Could bitcoin and gold be haven buys as debt-ceiling fears mount? Here’s what recent trading patterns suggest.

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Welcome back to Distributed Ledger. This is Frances Yue, reporter at MarketWatch.

Fears are brewing in financial markets that the U.S. lawmakers won’t be able to reach an agreement to raise the country’s debt limit by X date, or the date that the U.S. government is unable to meet its debt obligations.  

Analysts at JPMorgan Chase & Co.

on Wednesday said they see the odds of debt ceiling negotiators failing to reach a deal by early June at “around 25% and rising.” 

Concerns around a technical default of U.S. government debt have contributed to volatility across financial markets, sending Treasury bills maturing in the first eight days of June above 6%. Yields on such bills briefly topped 7% on Thursday. 

As investors search for havens from such tumult, gold and bitcoin are often cited as potential refuges. 

Still, gold futures have been retreating since the most-active contract reached its second-highest settlement on record on May 4. 

Bitcoin, which rallied almost 60% so far this year, have also posted lackluster performance for the past few weeks, down 5.8% over the past month. 

Are gold and bitcoin effective hedges against a technical default of U.S. government debt? Why are we not seeing a rally as the X date approaches? I caught up with several analysts to ask their views.

Find me on Twitter at @FrancesYue_ to share any thoughts on crypto, gold, or this newsletter.  

Is gold the haven?


“Generally speaking, gold thrives when there are periods of uncertainty,” said Rhona O’Connell, analyst at StoneX Group. “But if you take that uncertainty too far, then we get to stages where people are sitting on their hands and not really doing very much and that’s what’s happened here.”

Gold futures for June delivery 


 on Thursday declined by $20.90, or 1.1%, to $1,943.70 per ounce on Comex, with prices for the most-active contract posting their lowest finish since March 21, according to FactSet data.

As gold futures price retreat to below $2,000, “I suppose it’s arguable that the bulls might be a bit disappointed,” said O’Connell.  But there’s “bound to be a retreat” with gold’s price premium building over the past few weeks, according to O’Connell. 

“The fact that gold hasn’t managed to climb any higher given the potential seriousness of the economic consequences should no agreement be reached before the June deadline reflects a prevailing view that ultimately the markets believe some middle ground can be found in time,” Rupert Rowling, analyst at Kinesis Money, wrote in a recent note.

Still, gold’s price stays elevated at levels that were not seen many times in history.

What about bitcoin?

Considering the rally bitcoin had so far this year, it’s “not crazy to see a little bit of pullback, according to Steven Lubka, a managing director at Swan Bitcoin.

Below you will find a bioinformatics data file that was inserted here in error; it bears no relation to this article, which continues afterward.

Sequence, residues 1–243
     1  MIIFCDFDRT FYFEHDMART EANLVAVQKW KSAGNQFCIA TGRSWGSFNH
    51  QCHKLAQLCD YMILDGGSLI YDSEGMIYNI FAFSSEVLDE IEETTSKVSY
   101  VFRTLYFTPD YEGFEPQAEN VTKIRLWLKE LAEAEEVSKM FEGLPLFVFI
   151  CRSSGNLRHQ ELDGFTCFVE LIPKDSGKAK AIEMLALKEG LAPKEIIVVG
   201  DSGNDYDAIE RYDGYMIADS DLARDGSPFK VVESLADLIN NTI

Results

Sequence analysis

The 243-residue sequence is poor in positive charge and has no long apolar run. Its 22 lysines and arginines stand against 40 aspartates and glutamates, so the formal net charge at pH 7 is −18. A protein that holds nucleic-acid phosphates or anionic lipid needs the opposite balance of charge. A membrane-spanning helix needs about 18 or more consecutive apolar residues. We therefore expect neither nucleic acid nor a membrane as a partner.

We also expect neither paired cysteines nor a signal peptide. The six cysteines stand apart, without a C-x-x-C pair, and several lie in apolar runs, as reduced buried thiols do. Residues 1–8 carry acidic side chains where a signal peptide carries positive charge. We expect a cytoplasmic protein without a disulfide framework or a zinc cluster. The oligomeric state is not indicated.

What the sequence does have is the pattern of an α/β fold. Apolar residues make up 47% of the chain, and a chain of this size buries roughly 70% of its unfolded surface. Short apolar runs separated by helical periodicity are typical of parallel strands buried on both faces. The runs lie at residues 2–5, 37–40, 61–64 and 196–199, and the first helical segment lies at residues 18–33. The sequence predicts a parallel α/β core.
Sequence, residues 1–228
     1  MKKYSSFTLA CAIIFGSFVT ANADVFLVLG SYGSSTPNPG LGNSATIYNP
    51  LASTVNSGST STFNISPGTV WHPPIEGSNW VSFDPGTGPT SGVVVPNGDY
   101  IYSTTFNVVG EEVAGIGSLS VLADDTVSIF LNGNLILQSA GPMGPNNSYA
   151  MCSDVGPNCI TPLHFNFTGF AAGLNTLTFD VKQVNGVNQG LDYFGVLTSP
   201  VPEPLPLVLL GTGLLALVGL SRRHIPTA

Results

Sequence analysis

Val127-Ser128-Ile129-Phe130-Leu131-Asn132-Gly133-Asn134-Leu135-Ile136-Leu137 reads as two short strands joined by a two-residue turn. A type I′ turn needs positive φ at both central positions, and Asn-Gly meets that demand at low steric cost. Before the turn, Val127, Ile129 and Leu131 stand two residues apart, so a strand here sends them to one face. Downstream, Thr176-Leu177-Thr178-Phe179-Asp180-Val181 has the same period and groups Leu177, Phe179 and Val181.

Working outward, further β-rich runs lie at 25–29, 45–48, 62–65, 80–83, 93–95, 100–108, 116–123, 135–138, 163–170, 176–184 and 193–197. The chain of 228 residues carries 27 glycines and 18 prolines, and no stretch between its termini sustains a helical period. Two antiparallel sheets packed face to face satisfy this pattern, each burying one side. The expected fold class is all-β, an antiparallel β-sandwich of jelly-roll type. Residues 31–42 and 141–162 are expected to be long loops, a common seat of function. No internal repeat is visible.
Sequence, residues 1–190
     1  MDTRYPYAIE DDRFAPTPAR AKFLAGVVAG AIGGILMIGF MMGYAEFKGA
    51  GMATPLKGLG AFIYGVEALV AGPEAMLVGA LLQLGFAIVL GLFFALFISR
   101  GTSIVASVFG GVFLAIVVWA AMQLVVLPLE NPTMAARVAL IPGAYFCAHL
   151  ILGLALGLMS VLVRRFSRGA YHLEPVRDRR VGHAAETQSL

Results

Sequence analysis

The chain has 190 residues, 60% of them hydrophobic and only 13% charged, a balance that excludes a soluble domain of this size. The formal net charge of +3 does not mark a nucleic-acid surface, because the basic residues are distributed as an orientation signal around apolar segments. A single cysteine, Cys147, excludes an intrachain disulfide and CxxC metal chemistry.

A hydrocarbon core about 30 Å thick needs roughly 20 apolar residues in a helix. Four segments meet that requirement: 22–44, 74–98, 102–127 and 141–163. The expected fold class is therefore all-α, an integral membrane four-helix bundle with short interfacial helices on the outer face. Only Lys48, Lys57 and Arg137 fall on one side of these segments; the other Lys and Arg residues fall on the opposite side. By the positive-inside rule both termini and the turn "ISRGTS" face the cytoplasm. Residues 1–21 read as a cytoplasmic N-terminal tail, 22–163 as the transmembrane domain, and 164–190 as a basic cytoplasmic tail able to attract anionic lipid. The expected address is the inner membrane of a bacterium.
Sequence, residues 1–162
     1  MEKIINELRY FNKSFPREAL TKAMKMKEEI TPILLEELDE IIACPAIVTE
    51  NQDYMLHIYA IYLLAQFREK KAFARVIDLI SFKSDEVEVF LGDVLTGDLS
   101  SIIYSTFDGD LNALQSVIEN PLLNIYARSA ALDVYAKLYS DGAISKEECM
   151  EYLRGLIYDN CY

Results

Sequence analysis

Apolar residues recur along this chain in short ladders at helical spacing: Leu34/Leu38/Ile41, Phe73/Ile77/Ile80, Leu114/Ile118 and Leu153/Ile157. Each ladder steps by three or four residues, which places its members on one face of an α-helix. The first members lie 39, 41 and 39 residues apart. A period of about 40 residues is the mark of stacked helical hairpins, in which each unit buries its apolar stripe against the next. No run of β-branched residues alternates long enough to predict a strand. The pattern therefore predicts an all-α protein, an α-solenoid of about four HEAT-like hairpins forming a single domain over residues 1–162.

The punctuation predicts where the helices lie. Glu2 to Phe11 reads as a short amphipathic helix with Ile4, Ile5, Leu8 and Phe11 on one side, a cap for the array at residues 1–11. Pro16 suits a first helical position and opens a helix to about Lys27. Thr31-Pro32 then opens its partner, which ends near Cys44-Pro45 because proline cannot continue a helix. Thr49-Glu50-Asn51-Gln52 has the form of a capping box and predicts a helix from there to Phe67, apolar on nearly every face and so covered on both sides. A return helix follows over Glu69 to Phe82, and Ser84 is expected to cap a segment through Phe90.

Bitcoin gained almost 60% so far this year while still down over 60% from its all-time high in 2021.

Still, if the U.S. ends up defaulting on its debt, and “everyone freaks out, bitcoin could do very well in that scenario,” Lubka said, citing bitcoin’s limited supply, decentralized and non-sovereign properties.

However, not everyone agrees. There is not enough evidence to support the claim that bitcoin could serve as a hedge against the debt ceiling tumult, according to Lapo Guadagnuolo, director at S&P Global Ratings. 

“We can’t make that argument because we don’t see that in the data,” Guadagnuolo said. 

A rising dollar

The recent strength of the U.S. dollar have also weighed on bitcoin and gold.

On Thursday, the ICE U.S. Dollar Index
 which measures the currency’s strength against a basket of six major rivals, climbed above 104 to its highest level since March 17, according to Dow Jones market data.

Although a technical default of U.S. government debt could hurt the dollar’s reputation in the long term, it might have little bearing on the immediate reaction, which would resemble a knee-jerk move higher, as my colleague Joseph Adinolfi elaborated here

As gold is mostly denominated in U.S. dollar and bitcoin’s main trading pairs are dollar-denominated stablecoins, a strong dollar could weigh on both assets. 

Still, the debt ceiling debacle in the long term could strengthen the narrative around bitcoin and gold, as “the governance of the worlds fiat system comes into question,” according to Greg Magadini, director of derivatives at Amberdata.

Crypto in a snap

Bitcoin lost 2.8% in the past week and was trading at around $26,360 on Thursday, according to CoinDesk data. Ether declined 0.9% in the same period to around $1,805

Biggest Gainers


%7-day return
















Source: CoinGecko

Biggest Decliners


%7-day return
















Source: CoinGecko



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